FILE - In this file image taken on Wednesday, Sept. 11, 2013, and provided by Ohio State University, college football player Kosta Karageorge poses for a photo in Columbus, Ohio. Police tell media outlets Sunday, Nov. 30, 2014, they believe a body found n
Ohio State University, Jay LaPrete, File
December 02, 2014

COLUMBUS, Ohio (AP) Ohio State football players, wrestlers and other athletes plan to attend the funeral service for a teammate found dead of an apparently self-inflicted gunshot wound, the university said Tuesday.

Fellow football players have described Kosta Karageorge as a hard-working and enthusiastic athlete who often stayed for extra practice even though it was unlikely he would ever play in a game.

The service was scheduled for Wednesday at Annunciation Greek Orthodox Cathedral in Columbus, with a private burial in Athens County.

Athletes from other sports will also attend, and football teammates planned to wear a No. 53 helmet sticker - Karageorge's number - during Saturday's Big Ten championship game against Wisconsin, said Ohio State spokesman Jerry Emig.

Dr. Anahi Ortiz, the Franklin County coroner, says Karageorge died of a gunshot wound to the head, but she hadn't definitely ruled it a suicide as of Tuesday afternoon.

Karageorge's mother says he had had several concussions, and the coroner says a special examination will be done of Karageorge's brain to look for any traumatic injury.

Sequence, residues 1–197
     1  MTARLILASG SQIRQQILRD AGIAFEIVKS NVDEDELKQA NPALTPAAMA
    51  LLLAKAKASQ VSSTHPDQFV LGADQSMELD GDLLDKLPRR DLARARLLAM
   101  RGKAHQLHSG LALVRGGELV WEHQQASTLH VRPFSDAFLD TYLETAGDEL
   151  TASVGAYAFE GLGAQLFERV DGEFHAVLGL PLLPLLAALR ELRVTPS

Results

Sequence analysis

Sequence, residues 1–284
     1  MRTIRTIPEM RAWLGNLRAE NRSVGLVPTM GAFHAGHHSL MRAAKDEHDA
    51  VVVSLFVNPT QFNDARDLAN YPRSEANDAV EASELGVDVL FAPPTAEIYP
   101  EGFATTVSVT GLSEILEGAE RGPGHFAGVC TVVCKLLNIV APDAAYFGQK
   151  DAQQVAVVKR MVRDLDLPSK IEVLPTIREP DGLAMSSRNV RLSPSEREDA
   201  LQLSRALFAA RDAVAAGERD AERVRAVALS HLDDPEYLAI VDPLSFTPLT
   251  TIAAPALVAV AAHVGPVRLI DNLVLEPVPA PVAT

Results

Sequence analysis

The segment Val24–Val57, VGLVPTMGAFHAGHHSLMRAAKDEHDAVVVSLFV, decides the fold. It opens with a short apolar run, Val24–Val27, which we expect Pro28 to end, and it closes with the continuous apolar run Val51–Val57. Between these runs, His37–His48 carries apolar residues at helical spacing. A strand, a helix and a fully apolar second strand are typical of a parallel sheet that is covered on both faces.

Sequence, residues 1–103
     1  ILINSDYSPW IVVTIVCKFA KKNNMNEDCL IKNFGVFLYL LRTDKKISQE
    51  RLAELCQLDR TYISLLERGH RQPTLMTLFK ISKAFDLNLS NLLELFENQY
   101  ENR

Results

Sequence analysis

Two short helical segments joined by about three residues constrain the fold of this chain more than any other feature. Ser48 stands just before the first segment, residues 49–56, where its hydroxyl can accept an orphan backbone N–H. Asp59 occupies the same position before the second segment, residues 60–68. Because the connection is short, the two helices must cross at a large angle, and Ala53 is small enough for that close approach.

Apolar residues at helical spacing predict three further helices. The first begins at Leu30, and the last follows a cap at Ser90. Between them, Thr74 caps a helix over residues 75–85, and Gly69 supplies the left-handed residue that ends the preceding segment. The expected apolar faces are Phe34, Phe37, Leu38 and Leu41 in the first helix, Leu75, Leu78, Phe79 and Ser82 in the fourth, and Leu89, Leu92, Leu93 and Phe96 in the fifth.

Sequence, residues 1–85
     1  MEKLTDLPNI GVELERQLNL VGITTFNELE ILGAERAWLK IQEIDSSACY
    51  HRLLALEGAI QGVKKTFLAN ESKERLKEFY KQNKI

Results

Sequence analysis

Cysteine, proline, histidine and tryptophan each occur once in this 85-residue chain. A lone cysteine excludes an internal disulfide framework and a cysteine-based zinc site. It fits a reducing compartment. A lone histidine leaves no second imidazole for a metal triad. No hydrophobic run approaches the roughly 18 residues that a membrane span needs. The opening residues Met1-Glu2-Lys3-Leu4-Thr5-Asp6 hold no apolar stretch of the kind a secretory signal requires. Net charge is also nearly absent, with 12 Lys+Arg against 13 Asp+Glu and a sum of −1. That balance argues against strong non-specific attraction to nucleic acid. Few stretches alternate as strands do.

Columbus police said Sunday, the day Karageorge's body was found, that he died of what appeared to be a self-inflicted gunshot wound. A handgun was found in the trash bin with him, police said.

Karageorge, 22, disappeared four days earlier after sending his parents an apologetic text message.

The message said, ''I am sorry if I am an embarrassment but these concussions have my head all f----- up.''

His mother, Susan Karageorge, told police her son had had several concussions and a few spells of being extremely confused. Players also knew of Karageorge's history of concussions, they said in interviews Monday.

Karageorge was a Buckeyes wrestler for three years, and the senior defensive tackle joined the football team as a walk-on this season. He hadn't played any games. He was known as a ''scout team'' member, meaning he likely wouldn't see playing time and took the role of an opposing team member during the regular starters' weekday practices.

His body was found Sunday by a woman searching trash bins near her neighborhood for scrap metal to sell.

Ohio State football coach Urban Meyer says he's been instructed not to discuss Karageorge's medical issues but said he is confident in the quality of medical care athletes receive.

More than half of concussions don't get reported, said Dr. Robert Cantu, co-founder of a center that studies these injuries at Boston University Medical School.

The emotional after-effects of repeated concussions can include depression, anxiety and panic attacks, and there can be cognitive problems like trouble concentrating, he said.

--- Associated Press Chief Medical Writer Marilynn Marchione reported from Milwaukee.

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